15 Best French New Wave Films That You Must See

The French New Wave or ‘Nouvelle Vague’ is the most famous cinematic movement in history that began around the year 1960 and ended in the early ‘70s. Techniques we take for granted today were catapulted into mainstream use by the colossal exposure the most famous artists behind the Nouvelle Vague were afforded: People like Jean Luc Godard, Francois Truffaut and Agnes Varda. It remains a pivotal explosion of creativity crucial to the advancement of the medium which inspired other, perhaps greater New Waves in Eastern Europe during the 1960s.

Here is the list of 15 best French new wave films that you must see.


15. L’ Atalante (1934)

Starting off with a caveat: Jean Vigo’s 1934 film pre-dates the Nouvelle Vague by several decades, but the impact of this previously underseen work’s resurgence and co-incidental meetings with main New Wave players like Jean-Luc Goddard and Francois Truffaut qualifies its place here because it’s a key reason why this list even exists. There are countless visionaries to match Vigo in the 20s-30s and even more adept directors on the scene than he was before a tragic premature death- but ‘L’ Atalante’ assembles so many uniquely original flourishes in a wholly cohesive work of art that the influence on French directors of the 60s is crystal clear. It’s a stream of limitless possibilities realized by someone who screwed the rules and decided to shoot a simple story with a remarkable amount of cinematic charisma. From its water-bound use of haunting multiple exposure to the quietly charming wordless exchanges of its two lovers, few landmark movies can match ‘L’ Atalante’. If it had actually come out during the period, this would be a hell of a lot higher.


14. Shoot the Piano Player (1960)

Francois Truffaut’s follow-up to the much acclaimed ‘The 400 Blows’, ‘Shoot the Piano Player’ takes a uniquely passive approach to crime cinema- settling it comfortably into the liquid cool of Nouvelle Vague-era Paris and allowing the story to unfurl at its own compelling pace. It develops the keen ambition present in his debut whilst not taking it as far as later works like Day for Night– abundantly confident in its own skin and never straying too far to impress. Instead, Truffaut’s realization of a criminal world far less savage and deadly than that of contemporary Jean-Pierre Melville is intoxicatingly romantic. A key primer for the untainted boldness of the French New Wave, be it in patient studies or intense poetry. In places, ‘Shoot the Piano Player’ finds a magical mix of the two.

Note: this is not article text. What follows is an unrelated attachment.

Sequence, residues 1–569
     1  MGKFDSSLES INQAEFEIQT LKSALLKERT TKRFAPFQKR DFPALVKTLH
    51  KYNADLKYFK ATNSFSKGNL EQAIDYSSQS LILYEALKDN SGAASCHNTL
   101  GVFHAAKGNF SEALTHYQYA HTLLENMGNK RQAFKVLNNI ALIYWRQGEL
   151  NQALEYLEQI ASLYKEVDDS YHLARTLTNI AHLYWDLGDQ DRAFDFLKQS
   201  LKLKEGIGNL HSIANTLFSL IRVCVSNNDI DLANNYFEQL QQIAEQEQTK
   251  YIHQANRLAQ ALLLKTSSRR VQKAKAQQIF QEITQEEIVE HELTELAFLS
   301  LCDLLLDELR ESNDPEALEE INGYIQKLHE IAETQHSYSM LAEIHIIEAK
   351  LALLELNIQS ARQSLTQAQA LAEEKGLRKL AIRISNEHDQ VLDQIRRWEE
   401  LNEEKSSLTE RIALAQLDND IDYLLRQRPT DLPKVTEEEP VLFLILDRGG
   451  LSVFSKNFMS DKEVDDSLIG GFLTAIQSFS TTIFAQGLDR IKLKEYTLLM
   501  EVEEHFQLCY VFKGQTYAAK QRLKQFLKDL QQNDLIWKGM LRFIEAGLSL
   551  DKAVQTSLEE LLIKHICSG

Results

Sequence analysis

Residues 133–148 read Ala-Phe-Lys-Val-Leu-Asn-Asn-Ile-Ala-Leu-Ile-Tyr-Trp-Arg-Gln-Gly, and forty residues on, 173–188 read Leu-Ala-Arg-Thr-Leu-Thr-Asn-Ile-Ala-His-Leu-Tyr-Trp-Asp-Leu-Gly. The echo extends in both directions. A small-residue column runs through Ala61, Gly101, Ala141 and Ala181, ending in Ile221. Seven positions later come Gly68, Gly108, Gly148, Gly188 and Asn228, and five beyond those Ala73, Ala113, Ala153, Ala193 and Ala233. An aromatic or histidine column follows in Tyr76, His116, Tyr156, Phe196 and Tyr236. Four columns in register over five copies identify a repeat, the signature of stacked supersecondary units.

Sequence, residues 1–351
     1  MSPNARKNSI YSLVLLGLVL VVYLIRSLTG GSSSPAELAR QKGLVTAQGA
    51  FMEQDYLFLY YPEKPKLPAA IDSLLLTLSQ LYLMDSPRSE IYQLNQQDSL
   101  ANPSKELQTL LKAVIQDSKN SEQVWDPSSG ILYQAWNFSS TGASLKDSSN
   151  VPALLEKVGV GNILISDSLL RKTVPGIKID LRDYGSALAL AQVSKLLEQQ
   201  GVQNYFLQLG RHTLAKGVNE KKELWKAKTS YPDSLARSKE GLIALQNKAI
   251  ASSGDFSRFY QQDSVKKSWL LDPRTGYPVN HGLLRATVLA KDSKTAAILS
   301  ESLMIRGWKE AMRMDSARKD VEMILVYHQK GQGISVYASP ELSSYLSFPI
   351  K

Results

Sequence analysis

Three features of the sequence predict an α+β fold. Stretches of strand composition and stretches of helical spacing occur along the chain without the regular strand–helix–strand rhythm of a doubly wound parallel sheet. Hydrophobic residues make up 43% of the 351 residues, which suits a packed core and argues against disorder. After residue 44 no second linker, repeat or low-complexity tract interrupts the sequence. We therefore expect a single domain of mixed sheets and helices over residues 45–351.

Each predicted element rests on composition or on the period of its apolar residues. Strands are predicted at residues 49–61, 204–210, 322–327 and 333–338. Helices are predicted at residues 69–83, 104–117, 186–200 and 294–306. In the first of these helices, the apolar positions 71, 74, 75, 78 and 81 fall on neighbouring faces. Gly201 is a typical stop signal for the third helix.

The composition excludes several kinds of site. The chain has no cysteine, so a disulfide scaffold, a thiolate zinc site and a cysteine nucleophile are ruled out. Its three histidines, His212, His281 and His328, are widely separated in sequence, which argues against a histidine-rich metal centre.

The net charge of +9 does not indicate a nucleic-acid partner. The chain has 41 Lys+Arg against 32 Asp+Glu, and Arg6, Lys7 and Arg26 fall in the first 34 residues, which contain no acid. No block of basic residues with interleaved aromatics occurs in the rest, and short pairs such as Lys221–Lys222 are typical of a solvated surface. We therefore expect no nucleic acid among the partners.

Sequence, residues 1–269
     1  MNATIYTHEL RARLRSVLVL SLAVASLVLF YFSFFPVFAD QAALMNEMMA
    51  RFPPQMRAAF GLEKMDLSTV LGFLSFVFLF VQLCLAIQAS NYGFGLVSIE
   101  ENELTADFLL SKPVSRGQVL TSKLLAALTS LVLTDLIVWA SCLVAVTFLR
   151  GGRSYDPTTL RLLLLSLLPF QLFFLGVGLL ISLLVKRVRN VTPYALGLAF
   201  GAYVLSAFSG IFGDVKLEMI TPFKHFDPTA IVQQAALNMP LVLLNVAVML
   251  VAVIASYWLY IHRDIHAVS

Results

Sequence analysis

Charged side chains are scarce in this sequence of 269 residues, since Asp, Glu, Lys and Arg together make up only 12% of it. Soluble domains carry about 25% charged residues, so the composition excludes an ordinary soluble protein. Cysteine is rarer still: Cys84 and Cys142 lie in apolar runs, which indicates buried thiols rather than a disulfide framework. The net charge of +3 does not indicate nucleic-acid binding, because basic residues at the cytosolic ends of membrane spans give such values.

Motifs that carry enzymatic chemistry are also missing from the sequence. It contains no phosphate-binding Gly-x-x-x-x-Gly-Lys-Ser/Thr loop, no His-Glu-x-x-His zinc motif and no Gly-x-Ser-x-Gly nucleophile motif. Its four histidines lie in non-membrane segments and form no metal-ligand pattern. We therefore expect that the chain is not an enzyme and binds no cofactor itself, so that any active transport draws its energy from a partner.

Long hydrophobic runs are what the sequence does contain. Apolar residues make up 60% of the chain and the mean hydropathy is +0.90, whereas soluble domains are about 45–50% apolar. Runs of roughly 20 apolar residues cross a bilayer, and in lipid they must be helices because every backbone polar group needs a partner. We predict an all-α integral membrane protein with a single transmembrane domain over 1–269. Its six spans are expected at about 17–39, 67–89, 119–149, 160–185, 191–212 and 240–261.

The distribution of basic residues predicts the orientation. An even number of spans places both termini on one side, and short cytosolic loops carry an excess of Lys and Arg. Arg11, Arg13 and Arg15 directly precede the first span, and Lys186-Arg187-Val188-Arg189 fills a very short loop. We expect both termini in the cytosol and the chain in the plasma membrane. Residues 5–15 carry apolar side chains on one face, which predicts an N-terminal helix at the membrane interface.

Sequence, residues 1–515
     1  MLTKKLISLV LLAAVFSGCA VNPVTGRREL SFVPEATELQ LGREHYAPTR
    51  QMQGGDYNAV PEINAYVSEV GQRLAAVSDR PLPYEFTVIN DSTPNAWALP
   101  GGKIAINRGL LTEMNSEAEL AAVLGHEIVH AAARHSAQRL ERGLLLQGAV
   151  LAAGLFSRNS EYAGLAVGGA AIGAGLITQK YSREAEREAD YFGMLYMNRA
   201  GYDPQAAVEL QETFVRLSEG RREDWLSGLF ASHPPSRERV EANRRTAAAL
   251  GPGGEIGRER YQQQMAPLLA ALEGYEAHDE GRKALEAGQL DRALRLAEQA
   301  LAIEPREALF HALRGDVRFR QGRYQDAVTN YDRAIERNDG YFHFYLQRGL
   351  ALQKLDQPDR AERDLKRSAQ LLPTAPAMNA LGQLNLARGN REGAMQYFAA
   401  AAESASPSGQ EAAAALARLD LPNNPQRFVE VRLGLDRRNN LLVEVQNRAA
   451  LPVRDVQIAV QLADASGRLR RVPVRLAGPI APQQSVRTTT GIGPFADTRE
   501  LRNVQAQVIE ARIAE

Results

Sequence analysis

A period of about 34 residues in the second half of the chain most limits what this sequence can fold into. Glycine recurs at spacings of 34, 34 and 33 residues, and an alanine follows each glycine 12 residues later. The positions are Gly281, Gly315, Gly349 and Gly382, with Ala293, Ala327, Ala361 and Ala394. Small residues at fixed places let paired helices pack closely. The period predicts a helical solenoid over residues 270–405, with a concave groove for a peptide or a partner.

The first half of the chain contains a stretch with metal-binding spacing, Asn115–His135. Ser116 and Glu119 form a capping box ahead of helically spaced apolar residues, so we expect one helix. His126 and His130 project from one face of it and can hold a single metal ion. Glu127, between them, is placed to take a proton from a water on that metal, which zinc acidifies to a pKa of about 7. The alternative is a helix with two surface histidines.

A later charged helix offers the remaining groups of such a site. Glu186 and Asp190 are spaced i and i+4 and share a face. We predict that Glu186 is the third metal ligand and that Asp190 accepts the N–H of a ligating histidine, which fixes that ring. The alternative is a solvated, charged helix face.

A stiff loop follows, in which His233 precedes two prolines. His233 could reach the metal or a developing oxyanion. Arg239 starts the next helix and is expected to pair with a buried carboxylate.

13. Le Boucher (1970)

Cladue Chabrol’s 1970 reaction to the quick edits and breathless storytelling of the early Nouvelle Vague, ‘Le Boucher’ follows a well-liked school ma’am who engages in a platonic relationship with the local butcher and struggles with her suspicions as the women of the town begin to turn up dead. It’s a refreshingly reflexive and patient character-piece that tackles paranoia with a vivid understatement that effectively immerses you into the mind of our affected heroine. Chabrol’s ‘Le Boucher’ refuses to surrender ground in regards to catharsis, sticking to simple cinematic technique and scarcely allowing more than the allusion that a dead body has been found, rather than presenting a viscerally bloody corpse. Instead, all we have to go on are our own sneaking suspicions and the drama is played so straight that the final outcome hangs on the knife’s edge throughout. To discover the truth in its lethal tragedy- one needs only to dive into Chabrol’s essential piece. Recommendations also go out to his earlier ‘Les Biches’ and ‘Les Cousins’ of ’69 and ’58.


11. Jules et Jim (1962)

Truffaut’s finest achievement, ‘Jules et Jim’ tracks through the complex relationship of two male friends and a woman that both divides and unites them as time goes on. The premise itself is realized to superb effect with love struggling through the ages despite disagreements, allowing its audience to indulge in a rare look at people’s growth that is also directed with a sharpness that few films focused on such a story share. The inspiration Quentin Tarantino’s snappy filmography takes from the Nouvelle Vague becomes most clear here. If you enjoy his work, ‘Jules et Jim’ is the way to go.


11. Le Fou Follet (1963)

Emerging in the same year as ‘Jules et Jim’, ‘The Fire Within’ marks Louis Malle’s first slot on this list with a serious examination of a man teetering on the precipice of suicide. Addicted to the booze and unconscionably lonely, it draws comparisons to Bresson’s ‘Pickpocket’ of 1959, which was in hot competition for this place. Malle’s picture succeeded in packing its extra 40 minutes of run-time full of existential longing: A desire for any kind of change be it positive or traumatic in an effort to kick the protagonist’s dry spell of life that refuses to drown in alcohol.

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